A confident Key Account Manager will doubtless be able to handle such an analysis in their stride. For others, the task can be overwhelming. Faced with spreadsheet after spreadsheet from business intelligence, they may miss underlying trends such as competitor activity or market movements. Deluged with internal company data, they may focus on easily understood sales information, rather than the factors that will deliver a competitive edge.
It is tempting to turn to a single source, perhaps a doctor they know, and bombard them with questions. The result, apart from probably alienating a friendly contact, is a view that is at best partial and, at worst, misleading.
Getting the balance right
- Understand the hard data (and more). Understanding the facts and figures is a skill and Key Account Managers must be given time to acquire it. Mastering the data, however, is just the start. It can tell you when you are trailing a competitor but not why or what to do about it. That needs a broader approach.
- Not just the usual suspects. Don’t expect the complete answer from a single stakeholder, however well-positioned or trusted. Build other relationships. Look for different perspectives. To take just one example, a ward nurse who collects infusions from the pharmacy could have invaluable insights into capacity issues.
The same applies to evaluating account goals. A hospital’s website may state that it aims to see patients within two weeks. The reality, given internal priorities that limit capacity, is nearer 16 weeks. Always double-check and have multiple conversations.
Use every available source of relevant information, from the internet and desk research to records of clinical commissioning groups, hospital, pharmacy and public meetings.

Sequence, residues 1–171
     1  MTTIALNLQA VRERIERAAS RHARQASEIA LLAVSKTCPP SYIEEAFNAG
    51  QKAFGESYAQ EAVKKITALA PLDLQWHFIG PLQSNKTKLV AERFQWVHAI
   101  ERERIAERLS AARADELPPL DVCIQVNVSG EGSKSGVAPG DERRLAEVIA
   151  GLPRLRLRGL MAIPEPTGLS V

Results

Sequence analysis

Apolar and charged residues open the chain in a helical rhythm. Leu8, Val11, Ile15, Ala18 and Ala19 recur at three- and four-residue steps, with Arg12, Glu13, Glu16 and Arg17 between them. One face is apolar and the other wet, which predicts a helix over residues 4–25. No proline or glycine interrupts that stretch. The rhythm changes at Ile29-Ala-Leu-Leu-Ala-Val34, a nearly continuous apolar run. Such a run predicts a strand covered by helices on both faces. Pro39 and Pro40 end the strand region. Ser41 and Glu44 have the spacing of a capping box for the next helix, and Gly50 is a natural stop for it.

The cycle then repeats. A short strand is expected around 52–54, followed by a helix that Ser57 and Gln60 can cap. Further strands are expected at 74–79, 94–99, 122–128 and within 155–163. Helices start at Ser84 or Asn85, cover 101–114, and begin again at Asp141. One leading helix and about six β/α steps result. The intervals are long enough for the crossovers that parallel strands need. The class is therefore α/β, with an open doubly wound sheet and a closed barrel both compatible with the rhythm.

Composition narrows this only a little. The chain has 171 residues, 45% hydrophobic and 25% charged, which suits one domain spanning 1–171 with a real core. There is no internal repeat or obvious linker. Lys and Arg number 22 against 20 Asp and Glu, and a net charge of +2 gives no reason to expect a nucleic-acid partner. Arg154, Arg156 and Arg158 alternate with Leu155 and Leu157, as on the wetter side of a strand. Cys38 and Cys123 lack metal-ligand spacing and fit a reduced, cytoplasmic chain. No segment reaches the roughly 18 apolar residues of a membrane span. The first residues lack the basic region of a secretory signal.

- Be prepared. Have your questions for key stakeholders ready in advance of your conversations and base them on whatever you need to understand the requirements of the account. And never make assumptions based on previous experience. No two accounts are the same.
Talk to a range of customers who are relevant to your therapeutic area, and make sure that you really engage with them. It pays to check whether they have responsibilities outside their day-to-day role, perhaps on a prescribing committee or a clinical or managerial network. If you discover that a customer is Chair of the Rheumatology Society, for example, acknowledging the fact can add a deeper dimension to your conversation.
- Tell the complete story. To fully understand an account, you need a detailed view of the end-to-end patient pathway. What are the key touchpoints? Where are the blockages to be overcome? Can you see opportunities for helping the customer move forward?
- Be realistic. Don’t imagine that you have the one key for solving the customer’s major challenges. What you can offer is practical support. Providing a drug that reduces patient visits may free up the capacity they need to take a critical step towards their goals.